So if you generally have all of the kind of little, annoying details in your life cared for by someone else, then, yeah, you may not feel the need or feel very motivated to plan or, perhaps, if you have a little bit more privilege when it comes to coming home when you want, not being the kind of first parent that’s gonna be there for the kids, etcetera, or a little bit more freedom on the weekends to not be the default parent, then yeah, you might feel great about being spontaneous because it means that nobody has any plans, so you can just head out.

So I think sometimes, and this is certainly not every couple, and it certainly isn’t always gender specific, but if one person is really averse to planning, you have to look a little bit deeper as to whether it’s because the other person is bearing the brunt of kind of that labor, which it is absolutely labor, both the labor of sometimes doing the things that you’d planned on but also doing the planning itself. Because, you know, when you go on a vacation, it doesn’t magically appear on your calendar with tickets and all the things you need to pack, and etcetera, etcetera. And if you don’t have those conversations about the planning together, it’s probably gonna leave more to the more-apt-to-plan party, and then doing it last minute is often a lot more difficult than doing things a little bit more in advance.

So if you are finding yourself in this situation, just thinking about that concept may help to bring it to light a little bit and maybe bring the family a little bit more peace in their planning.

Kelly Nolan: Yeah, I completely agree because I think that, to me, it was a lightbulb moment in that it clicked on a pattern that I’ve also picked up on that typically is the female partner, typically, with a male partner, and I’ve heard as we build out in The Bright Method system, there can be some resistance from the other partner being like, “This feels over-engineered or over-structured or things like that,” and first and foremost, while it does look very structured, it’s not rigid. It’s meant to be moved. It’s just more like let’s get it all out of our head and into a system we can see.

But, to me, that resistance has been so interesting and I almost feel like it puts the people hearing it in an insecure position where when we can identify it as planning privilege, to me, that comes a little bit more empowered of just not being like an angry response, necessarily, but not taking it as the female partner typically hearing that as, “Maybe I am doing something wrong,” but more like, “This is why you think that is because you’re getting the benefit of all the work I’m doing.” And that gives us  more of an ability to stand a little more empowered in that place and then work to get them more on board without kind of backing down. I think without that framework, even the terminology of it, there’s a temptation to be like, “Oh, maybe I am doing something wrong,” and back down versus being like, “No, no, no. This is what life requires now, and I need to do this and also get you on board with it as well.”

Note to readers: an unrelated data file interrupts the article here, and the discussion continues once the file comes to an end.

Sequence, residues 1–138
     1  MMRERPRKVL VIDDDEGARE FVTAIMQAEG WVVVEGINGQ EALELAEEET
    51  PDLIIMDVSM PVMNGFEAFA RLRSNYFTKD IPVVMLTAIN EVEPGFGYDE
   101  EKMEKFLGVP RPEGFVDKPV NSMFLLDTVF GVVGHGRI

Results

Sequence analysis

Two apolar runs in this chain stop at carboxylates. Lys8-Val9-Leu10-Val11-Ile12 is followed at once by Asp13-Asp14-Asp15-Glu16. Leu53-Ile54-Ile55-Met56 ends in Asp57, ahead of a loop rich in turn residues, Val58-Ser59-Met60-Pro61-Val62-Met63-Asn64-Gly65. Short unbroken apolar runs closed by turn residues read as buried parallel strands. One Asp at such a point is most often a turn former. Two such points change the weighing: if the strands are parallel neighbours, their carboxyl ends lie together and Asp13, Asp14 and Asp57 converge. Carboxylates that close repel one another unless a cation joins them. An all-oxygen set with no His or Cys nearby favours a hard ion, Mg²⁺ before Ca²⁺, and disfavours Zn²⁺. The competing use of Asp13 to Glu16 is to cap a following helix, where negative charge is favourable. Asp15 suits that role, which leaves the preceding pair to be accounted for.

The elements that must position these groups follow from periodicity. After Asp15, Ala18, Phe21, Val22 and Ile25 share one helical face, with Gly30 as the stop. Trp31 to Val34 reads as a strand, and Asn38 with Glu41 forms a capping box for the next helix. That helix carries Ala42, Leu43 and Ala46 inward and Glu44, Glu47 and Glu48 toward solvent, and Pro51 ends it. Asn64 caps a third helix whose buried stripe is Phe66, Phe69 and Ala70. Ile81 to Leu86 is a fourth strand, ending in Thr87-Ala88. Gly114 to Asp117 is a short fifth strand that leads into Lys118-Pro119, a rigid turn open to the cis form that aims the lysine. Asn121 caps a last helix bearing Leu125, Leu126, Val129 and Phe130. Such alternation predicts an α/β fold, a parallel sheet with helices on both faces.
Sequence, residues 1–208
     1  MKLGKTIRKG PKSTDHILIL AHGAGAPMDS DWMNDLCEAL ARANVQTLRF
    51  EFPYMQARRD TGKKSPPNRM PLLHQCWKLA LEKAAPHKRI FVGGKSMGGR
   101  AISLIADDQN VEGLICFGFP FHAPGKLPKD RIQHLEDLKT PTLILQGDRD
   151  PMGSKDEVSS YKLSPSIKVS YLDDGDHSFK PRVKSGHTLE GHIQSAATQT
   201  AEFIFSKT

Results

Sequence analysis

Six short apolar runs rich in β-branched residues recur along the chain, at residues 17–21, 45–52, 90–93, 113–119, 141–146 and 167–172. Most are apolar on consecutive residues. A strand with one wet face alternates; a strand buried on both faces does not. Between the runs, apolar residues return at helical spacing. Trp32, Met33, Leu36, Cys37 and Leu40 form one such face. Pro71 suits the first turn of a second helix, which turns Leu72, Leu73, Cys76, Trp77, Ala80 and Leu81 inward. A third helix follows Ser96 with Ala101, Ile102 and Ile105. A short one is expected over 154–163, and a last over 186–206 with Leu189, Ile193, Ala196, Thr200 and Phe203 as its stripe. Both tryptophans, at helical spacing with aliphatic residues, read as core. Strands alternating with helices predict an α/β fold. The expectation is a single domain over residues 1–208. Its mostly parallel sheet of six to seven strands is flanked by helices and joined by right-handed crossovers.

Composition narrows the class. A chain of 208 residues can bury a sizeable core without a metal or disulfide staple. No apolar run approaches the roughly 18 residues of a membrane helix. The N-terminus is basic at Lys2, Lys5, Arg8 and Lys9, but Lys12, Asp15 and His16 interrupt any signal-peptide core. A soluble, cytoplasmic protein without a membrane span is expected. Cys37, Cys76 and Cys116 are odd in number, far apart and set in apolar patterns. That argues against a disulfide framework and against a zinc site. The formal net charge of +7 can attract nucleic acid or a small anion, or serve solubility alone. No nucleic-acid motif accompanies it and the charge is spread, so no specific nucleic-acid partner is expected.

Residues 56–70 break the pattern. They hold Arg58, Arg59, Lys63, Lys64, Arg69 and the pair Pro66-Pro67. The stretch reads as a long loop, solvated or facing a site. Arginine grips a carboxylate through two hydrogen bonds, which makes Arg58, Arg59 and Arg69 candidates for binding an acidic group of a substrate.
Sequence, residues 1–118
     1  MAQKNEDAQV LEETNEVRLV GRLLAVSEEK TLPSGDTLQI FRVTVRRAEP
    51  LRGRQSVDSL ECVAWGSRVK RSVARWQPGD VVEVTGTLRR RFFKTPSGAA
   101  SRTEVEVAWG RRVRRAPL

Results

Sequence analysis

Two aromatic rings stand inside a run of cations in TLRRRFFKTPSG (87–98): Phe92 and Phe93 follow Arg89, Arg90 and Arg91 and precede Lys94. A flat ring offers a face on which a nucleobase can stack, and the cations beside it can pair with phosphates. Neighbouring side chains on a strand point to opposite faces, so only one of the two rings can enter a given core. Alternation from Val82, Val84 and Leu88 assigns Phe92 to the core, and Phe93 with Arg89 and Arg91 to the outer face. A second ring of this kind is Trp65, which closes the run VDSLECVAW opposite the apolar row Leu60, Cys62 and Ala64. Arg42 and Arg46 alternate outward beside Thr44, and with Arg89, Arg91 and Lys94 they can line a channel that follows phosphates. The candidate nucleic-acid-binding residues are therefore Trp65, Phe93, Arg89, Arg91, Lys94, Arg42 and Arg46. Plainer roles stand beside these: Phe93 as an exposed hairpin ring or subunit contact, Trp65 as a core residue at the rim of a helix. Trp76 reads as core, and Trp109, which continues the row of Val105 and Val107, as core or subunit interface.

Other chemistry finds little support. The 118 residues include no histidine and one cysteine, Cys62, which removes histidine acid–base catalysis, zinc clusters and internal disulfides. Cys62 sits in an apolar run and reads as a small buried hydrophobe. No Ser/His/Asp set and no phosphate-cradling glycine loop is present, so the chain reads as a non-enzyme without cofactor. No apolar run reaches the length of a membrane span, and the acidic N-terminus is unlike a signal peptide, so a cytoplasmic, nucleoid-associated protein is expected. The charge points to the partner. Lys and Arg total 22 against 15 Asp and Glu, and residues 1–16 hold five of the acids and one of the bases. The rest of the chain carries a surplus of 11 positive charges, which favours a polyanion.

So when I heard that, it literally stopped me in my tracks. I was like, “That is it!” [Laughs] So I just thought it was so important to highlight for everybody.

Sarah Hart-Unger: Thank you so much. I’ll have to do an all-planning-privilege episode someday. I actually had one of my group members yesterday say, “Oh, where’s that post on planning privilege?”

Kelly Nolan: Yeah! 

Sarah Hart-Unger: So it must not be just a few of us. 

Kelly Nolan: Yeah, no. I don’t think so, and I just think it gives confidence to people trying to put systems in place to make their own lives easier and also to share the load, so I think it’s important.

Is that something that you address head on? I don’t mean to be asking personal questions about you and your partner. But when you’re working with clients, is that something you talk about having the person talk about, or is it just something that the planning person can hear internally and stand more in that power, I guess?

Sarah Hart-Unger: Well, actually, I have had a couple of couples register together for one of the things I’m offering, which has been really fun and really cool, and honestly any partner engaged enough to be watching on a Zoom with their partner, I’m like, “Yes! There’s probably not a lot of planning privilege happening here.” So more I’ve brought it up in terms of answering that question and validating the struggles of people that have come to me.

In my own marriage, he’s aware of the concept, which is probably enough, and thankfully the good news is I think sometimes the solution is not to say, “Okay, we have to equally plan,” because maybe you don’t want to equally plan, but I have noticed that he really does appreciate the labor that I put into planning and tries not to roadblock me when I am trying to put together plans for our family but also kind of like if you are not going to engage in a lot of the planning, then you also can’t engage in a lot of critique of the planning.